The release of the guideline "The Nature of Subsidies: A step-by-step guide to repurpose subsidies harmful to biodiversity and improve their impacts on people and nature" by the Biodiversity Finance Initiative (BIOFIN) of the United Nations Development Programme (UNDP) marks a pivotal moment in the pursuit of a sustainable and resilient future.
The guidelines spotlight the urgency to reimagine subsidies for positive impacts on nature, society, and fiscal responsibility, and provide a step-by-step approach to assist countries in achieving this.
At a time when nearly a million species hover on the precipice of extinction due to human activities, the guidelines underscore the inextricable link between economic systems and ecosystem health. As the Amazon rainforest, coral reefs, and boreal forests teeter on irreversible tipping points, the guideline calls for a paradigm shift that concurrently reverses environmental degradation and supports sustainable livelihoods for communities.
Amidst the global call to action, the guidelines uncover a sobering reality: the adverse environmental consequences of subsidies often remain hidden or not assessed even if we know that many of them have strong negative impacts on nature. For instance, the agricultural sector receives approximately US$500 billion in potentially harmful support, perpetuating habitat destruction and land degradation. Similarly, subsidies in the fishery sector, ranging from US$7 to 35 billion annually, exacerbate pollution and over-exploitation of marine resources.
The guideline introduces a comprehensive framework to address this urgent challenge. Through a step-by-step approach, governments, businesses, and policymakers can assess, repurpose and monitor subsidies to achieve biodiversity-positive outcomes.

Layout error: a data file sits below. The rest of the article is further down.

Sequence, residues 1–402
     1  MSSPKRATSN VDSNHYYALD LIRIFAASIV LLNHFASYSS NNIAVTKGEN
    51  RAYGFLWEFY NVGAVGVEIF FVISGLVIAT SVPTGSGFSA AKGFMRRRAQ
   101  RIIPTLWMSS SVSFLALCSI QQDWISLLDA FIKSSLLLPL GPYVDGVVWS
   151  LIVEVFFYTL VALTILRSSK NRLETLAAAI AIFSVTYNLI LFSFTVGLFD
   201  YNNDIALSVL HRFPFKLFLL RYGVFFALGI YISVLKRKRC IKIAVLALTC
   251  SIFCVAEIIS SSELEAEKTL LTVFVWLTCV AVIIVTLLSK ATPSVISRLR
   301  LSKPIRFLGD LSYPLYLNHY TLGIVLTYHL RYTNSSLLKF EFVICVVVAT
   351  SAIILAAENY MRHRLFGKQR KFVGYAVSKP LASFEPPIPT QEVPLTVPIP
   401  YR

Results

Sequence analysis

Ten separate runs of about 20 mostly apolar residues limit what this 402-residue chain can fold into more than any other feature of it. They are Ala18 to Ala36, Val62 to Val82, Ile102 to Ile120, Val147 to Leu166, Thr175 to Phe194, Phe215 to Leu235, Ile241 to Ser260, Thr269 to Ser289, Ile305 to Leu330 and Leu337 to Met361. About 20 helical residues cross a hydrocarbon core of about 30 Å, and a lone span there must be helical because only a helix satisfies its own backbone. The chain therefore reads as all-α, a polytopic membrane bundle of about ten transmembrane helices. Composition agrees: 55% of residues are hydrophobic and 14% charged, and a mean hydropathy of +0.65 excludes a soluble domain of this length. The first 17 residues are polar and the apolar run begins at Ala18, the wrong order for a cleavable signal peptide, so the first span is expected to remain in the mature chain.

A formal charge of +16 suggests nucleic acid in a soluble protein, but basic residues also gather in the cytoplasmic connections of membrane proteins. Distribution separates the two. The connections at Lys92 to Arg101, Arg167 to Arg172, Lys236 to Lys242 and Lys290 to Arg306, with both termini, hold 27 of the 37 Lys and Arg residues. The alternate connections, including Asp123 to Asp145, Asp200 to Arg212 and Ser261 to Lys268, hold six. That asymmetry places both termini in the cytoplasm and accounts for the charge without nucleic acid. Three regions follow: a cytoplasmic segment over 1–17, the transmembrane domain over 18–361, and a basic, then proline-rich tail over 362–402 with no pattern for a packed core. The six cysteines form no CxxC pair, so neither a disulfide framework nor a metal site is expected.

The outlined steps, corroborated by case studies from various countries, include:
- Identification and Assessment: Thoroughly identify and assess subsidies and government support likely to have harmful impacts on nature. The report encourages quantifying the extent of the negative impact and the cost of the subsidy where possible.
- Multidimensional Redesign Options: Define multiple redesign options through a multidimensional analysis that comprehensively considers social, gender equality, environmental, economic, and political economy concerns throughout the re-design and transition process.
- Action Plan Formulation: Develop action plans to redesign prioritized subsidies, outlining multiple scenarios. These action plans provide a structured framework for the transformation of harmful subsidies and the enhancement of positive attributes aligned with all Sustainable Development Goals (SDGs).
"The report offers a blueprint for governments and stakeholders to navigate a path towards a more sustainable future" commented Mrs Midori Paxton, Director of the UNDP Nature Hub.
To access the video produced by UNDP-BIOFIN on the topic, click on the links below:
- French: https://youtu.be/JrwTSzVw18o
- Spanish: https://youtu.be/GeWlKJzQ7r4
- Russian: https://youtu.be/9Lv443WjhkY
To access the recording of the webinar, click on the links below:
- English: https://youtu.be/Lzf0dE04_rQ
- French: https://youtu.be/r8lHX0xkrDw
- Spanish: https://youtu.be/c41nTNDcjdM
BIOFIN was initiated ten years ago at the CBD COP 11, by UNDP and the European Commission, in response to the urgent global need to divert more finance from all possible sources towards global and national biodiversity goals.
Now present in 41 countries and supported by the European Union and the Governments of Belgium, Germany, Switzerland, Norway, Flanders, France, United Kingdom and Canada, BIOFIN is working with governments, civil-society, vulnerable communities, and the private sector to catalyse investments in nature. Investments that not only protect biodiversity, but let it flourish. Investments that create jobs and opportunities for communities. Investments that secure a sustainable future for people and the planet.